He taught me it's OK to be different, good in fact to take your own road in this life. Break away and go somewhere both literally and figuratively far away from your everyday existence.

My earliest memories of my brother are of him painting. Doing his A Level art projects. Making huge clay heads and explosions of colour, which, if I was lucky, he would let me help him name. And painting his dungeons and dragons figures. Orcs, dragons and elves. I could sit and watch him for hours. He would tell me stories about ghosts and monsters to scare me, and sometimes he succeeded. But I didn't mind. I knew then he wasn't like other brothers.

He left home to train to become a priest when I was about eight years old, but realising that wasn't for him went to Liverpool to do a Fine Art and Theology degree – becoming the first person in our family ever to go to University. From that moment on he became almost like a mythical creature to me. I would look forward to when he would come home, bringing tales from Uni and occasionally friends or maybe even a girlfriend. Other worldly creatures who were vegetarians and spoke with strange accents. He would recommend me books – as he still does today – and I would devour each one. Everything from Tolkien to Stephen King and Richard Matheson – little gems that thrilled me because they told me what he liked, and it was all dark and interesting, and I liked it too.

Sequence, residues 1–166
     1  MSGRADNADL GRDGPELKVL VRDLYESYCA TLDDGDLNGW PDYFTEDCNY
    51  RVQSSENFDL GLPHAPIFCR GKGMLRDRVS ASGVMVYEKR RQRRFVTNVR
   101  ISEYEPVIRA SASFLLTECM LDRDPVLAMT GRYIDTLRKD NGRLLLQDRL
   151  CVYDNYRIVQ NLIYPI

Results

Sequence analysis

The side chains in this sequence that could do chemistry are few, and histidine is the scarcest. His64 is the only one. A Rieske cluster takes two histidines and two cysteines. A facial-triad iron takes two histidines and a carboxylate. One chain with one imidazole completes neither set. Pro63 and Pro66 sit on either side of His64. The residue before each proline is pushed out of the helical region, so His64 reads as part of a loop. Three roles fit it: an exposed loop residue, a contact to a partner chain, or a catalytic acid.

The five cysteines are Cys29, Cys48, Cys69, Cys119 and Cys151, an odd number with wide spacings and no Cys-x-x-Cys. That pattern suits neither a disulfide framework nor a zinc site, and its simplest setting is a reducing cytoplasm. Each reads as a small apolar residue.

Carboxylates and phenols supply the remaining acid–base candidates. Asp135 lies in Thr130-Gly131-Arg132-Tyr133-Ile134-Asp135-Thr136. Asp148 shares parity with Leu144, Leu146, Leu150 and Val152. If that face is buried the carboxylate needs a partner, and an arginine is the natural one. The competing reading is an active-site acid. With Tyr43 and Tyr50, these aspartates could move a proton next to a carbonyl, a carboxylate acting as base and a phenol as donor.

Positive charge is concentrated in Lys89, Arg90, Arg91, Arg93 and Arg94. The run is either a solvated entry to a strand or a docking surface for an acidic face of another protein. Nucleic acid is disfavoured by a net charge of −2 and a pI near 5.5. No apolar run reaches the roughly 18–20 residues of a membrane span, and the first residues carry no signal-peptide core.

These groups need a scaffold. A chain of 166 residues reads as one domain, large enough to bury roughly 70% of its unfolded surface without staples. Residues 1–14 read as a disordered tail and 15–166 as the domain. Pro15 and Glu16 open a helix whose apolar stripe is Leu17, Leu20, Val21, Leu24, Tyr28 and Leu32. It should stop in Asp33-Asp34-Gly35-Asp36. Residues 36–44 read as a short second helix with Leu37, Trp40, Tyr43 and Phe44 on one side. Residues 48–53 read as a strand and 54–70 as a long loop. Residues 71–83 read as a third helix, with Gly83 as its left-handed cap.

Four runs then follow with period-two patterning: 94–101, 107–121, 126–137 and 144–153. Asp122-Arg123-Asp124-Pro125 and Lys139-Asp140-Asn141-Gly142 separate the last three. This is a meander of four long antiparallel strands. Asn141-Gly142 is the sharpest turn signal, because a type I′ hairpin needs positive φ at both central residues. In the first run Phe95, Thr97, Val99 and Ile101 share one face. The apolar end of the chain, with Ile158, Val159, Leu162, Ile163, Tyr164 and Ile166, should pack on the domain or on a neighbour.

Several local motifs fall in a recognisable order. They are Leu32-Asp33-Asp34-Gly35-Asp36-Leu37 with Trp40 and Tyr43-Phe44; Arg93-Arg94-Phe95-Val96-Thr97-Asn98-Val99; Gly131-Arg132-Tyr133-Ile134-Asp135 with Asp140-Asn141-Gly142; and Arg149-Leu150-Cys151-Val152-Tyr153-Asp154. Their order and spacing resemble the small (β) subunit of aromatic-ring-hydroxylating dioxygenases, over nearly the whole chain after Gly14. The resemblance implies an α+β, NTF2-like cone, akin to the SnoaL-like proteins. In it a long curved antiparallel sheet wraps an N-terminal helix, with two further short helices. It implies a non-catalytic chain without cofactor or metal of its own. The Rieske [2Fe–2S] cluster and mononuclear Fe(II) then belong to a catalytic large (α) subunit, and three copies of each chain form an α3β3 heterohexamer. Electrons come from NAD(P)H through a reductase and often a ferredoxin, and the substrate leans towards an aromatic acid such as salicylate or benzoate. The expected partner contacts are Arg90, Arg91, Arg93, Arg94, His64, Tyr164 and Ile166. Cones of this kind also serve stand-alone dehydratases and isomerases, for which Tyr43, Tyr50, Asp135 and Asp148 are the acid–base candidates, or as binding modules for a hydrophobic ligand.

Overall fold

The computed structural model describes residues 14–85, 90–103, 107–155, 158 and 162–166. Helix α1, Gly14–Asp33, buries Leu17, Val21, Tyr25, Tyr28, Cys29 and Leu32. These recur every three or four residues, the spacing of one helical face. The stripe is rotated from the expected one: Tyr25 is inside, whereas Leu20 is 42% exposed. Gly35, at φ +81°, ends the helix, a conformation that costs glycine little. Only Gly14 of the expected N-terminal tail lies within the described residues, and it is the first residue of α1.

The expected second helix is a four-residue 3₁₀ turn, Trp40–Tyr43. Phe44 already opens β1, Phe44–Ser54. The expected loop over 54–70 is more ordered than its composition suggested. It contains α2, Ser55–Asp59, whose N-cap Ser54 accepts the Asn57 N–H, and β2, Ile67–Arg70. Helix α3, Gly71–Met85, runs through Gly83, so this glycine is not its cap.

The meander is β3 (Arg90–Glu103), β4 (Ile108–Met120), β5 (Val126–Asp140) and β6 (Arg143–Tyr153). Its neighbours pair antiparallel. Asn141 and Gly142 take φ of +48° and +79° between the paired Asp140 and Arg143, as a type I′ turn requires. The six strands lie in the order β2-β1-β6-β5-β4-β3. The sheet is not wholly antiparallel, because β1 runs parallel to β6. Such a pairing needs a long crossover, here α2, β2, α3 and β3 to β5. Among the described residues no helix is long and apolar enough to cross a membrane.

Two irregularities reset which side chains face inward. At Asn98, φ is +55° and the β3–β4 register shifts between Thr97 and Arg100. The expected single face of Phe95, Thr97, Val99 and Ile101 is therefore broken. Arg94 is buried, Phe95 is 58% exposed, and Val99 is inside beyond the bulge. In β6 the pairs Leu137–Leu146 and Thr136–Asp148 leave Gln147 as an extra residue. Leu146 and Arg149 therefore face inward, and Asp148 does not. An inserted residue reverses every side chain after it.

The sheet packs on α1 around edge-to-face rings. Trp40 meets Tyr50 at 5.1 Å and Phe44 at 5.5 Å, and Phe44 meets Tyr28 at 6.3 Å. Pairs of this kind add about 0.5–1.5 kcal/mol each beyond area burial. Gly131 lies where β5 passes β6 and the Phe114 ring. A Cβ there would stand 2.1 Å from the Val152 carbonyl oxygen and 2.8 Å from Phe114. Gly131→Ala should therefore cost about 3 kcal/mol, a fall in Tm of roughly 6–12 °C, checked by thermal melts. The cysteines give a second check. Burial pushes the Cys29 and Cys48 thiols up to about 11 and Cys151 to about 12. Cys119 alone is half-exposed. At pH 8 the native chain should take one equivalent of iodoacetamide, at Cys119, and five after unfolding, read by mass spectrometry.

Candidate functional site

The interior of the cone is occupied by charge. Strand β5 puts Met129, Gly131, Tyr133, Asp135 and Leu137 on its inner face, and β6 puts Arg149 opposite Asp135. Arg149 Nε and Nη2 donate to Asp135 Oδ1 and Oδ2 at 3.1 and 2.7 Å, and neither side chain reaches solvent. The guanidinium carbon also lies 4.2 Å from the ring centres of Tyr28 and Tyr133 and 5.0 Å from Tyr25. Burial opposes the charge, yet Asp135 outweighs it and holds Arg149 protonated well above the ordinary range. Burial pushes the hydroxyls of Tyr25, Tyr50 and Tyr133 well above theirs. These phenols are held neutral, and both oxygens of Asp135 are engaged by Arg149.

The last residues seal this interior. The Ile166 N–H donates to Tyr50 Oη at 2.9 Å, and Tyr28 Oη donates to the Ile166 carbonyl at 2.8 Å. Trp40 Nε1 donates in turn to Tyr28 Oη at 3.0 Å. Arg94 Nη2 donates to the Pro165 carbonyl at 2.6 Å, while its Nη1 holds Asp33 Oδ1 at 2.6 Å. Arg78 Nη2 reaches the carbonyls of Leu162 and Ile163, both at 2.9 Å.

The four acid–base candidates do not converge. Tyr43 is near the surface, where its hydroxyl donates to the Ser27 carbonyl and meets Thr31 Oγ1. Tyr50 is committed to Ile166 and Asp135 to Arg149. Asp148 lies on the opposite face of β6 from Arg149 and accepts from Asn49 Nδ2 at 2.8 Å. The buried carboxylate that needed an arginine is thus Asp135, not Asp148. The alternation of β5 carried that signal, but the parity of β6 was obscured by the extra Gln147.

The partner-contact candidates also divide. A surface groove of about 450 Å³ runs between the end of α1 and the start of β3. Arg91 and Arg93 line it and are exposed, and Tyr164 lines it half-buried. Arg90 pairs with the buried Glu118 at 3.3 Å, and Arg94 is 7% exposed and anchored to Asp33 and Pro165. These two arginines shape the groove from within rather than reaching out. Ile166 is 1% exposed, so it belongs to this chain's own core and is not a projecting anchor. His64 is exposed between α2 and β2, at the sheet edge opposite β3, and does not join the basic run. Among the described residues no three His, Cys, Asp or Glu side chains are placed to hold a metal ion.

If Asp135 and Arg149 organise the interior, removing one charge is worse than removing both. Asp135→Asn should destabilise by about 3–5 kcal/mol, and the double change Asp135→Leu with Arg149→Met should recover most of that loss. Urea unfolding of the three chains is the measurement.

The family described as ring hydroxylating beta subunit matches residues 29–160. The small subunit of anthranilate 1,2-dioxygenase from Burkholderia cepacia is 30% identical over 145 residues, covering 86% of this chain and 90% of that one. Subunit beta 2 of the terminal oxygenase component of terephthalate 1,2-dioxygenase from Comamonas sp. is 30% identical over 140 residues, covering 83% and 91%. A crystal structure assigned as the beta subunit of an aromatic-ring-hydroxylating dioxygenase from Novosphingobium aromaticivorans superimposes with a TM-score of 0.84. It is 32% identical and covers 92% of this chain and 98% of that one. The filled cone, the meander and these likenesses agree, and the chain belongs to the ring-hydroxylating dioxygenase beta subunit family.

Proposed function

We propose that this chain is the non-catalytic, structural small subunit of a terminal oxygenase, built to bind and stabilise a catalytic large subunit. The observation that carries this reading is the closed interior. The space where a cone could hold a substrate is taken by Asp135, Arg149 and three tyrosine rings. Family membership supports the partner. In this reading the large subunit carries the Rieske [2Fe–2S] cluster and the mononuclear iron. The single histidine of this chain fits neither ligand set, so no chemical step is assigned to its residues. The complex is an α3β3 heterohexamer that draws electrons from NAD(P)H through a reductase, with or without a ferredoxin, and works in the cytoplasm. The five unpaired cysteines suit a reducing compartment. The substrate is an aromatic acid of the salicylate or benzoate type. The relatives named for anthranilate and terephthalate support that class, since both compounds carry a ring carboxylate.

One thing that really sticks in my mind was the time he picked me up from my guitar lesson after school. All of a sudden there was a commotion outside the school gates as the kids – and probably some of the parents too - crowded round to stare at the strange looking man with shoulder length orange hair, a manky looking jumper and jeans covered in paint and intricate drawings. Probably the sort of person you'd see every day in Eighties' London, but certainly not in Durham. At that point my ten-year-old self thought my brother was the coolest person in the world. Truth be known I still do.